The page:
So after consulting the Twitternets, I’ve resolved to do some more philo-blogging in an attempt to introduce some of the concepts that interest me most to non-majors. I’ve argued before at length that a little education in Philosophy is valuable to everyone–and that, in fact, it should be a mandatory part of education in any liberal democratic society. So here’s my attempt to spread some of what I’ve learned at the undergraduate level, and in my own readings.
First off, I want to clear up what I think is one of the most common misconceptions about the study of academic philosophy: What, exactly, it is we tend to study.
Since around the early 20th century, the fundamental split in Western philosophy has been between analytic philosophy (most popular in the UK and US) and continental philosophy (which, as you can probably guess, comes mostly from the European continent). NYU, even by American standards, is a very analytic-heavy department–before this semester, my last at NYU, only one of my classes had referenced so much as a single continental philosopher.
In very rough terms, here are the differences between the two schools:
Much more logical/mathematical in nature, and very focused on arguments that maintain a meticulous, step-by-step logical progression. This is the school of symbolic logic, the semi-mathematical language of pure logical expression. Sometimes–usually during finals week–I’ll grouse that America’s intent focus on this school of thought is a byproduct of academia’s attempt to “legitimize” all kinds of liberal arts and social sciences pursuits (philosophy being one example, political science and economics being others) by treating them as much like exact sciences as possible at the expense of other ways of viewing the disciplines. That’s mostly me unfairly kvetching, though.
Impressionistic is the best word I can think of to contrast continental philosophy with analytic philosophy. Existentialism is probably the most well-known product of this tradition. Here the focus is less strictly analytical, and that can sometimes cause the arguments to be maddeningly cryptic and elliptical (e.g. Nietzsche arguing that the will to break out of cages is itself a cage because the will cannot will the will to will backwards and proto-existentialist Kierkegaard saying that the self is outside the self and needs to relate itself to the self in order to become a true self, because dear god just kill me now).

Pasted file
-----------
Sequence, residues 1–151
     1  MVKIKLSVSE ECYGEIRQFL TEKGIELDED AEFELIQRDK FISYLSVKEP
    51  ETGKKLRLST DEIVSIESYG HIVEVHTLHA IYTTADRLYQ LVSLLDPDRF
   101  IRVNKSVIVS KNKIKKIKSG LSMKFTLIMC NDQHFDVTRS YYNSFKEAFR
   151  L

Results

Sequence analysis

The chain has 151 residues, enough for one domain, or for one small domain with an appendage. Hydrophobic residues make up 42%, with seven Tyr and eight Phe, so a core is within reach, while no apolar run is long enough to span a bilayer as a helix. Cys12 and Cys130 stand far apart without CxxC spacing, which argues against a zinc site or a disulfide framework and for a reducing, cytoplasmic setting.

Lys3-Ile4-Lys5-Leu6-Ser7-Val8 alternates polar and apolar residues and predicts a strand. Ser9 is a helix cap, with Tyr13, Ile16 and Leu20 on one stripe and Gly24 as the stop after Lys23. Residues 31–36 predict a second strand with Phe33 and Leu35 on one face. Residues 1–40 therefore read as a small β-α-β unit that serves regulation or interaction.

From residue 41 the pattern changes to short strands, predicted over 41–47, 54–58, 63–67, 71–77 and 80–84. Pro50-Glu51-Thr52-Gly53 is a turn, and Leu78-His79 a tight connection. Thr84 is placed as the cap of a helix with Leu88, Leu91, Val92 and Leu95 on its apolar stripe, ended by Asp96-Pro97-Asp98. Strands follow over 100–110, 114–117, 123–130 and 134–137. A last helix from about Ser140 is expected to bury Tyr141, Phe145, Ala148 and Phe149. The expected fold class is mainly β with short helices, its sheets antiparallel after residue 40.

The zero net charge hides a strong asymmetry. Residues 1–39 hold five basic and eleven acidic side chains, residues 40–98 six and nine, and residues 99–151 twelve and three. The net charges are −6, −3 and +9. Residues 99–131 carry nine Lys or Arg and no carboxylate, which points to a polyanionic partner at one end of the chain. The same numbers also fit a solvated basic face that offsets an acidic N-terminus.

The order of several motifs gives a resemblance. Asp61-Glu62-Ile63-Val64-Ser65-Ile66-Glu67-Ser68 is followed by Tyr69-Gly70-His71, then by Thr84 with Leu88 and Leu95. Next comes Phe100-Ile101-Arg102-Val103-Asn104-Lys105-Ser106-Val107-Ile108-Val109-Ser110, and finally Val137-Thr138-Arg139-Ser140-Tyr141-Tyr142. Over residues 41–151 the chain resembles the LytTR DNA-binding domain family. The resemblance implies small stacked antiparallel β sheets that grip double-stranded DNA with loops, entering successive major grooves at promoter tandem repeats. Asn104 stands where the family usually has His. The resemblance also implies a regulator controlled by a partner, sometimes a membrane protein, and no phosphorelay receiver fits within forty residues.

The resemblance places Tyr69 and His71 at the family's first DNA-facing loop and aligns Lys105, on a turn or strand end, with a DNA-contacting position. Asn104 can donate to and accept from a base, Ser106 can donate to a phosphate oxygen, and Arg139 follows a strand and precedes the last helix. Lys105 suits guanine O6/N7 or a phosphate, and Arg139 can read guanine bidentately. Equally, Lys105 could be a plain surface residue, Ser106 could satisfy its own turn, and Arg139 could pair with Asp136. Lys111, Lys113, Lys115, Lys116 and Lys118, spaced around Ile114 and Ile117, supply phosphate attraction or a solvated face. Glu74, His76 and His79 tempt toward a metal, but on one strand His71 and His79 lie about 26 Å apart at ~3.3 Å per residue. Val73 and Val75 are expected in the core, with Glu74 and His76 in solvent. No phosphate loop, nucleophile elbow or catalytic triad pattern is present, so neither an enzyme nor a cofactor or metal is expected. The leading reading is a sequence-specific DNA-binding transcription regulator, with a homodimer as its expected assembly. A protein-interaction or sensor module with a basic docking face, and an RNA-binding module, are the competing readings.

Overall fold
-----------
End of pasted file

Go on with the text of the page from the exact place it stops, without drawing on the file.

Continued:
One odd feature of this whole split is that while American philosophy students, by and large, barely study continental philosophy, those are the ones who are most recognizable to non-Philosophy majors. My guess is most of you at least recognize the names Nietzsche, Sartre, Heidegger and Foucault. But unless you actually study philosophy, my guess is you’re unlikely to have heard of G.E. Moore, Kripke, Dennett, Frege or Ayer. Maybe Wittgenstein and Russell, and if you study politics you might’ve heard of Rawls.
I think that’s because, whereas analytic philosophers tend to write for other analytic philosophers and academic journals, a lot of the big name continental philosophers produced at least some output with a different audience in mind entirely. Sartre and Camus, of course, wrote novels. Nietzsche often sacrificed clarity for poetry and lyrical power. My limited experience with continental philosophy has led me to expect a much stronger visceral response to that work than with analytic philosophy.
I’m trying to be impartial here, but you can probably guess at where my interests tend to lie. I’ll write about that more later.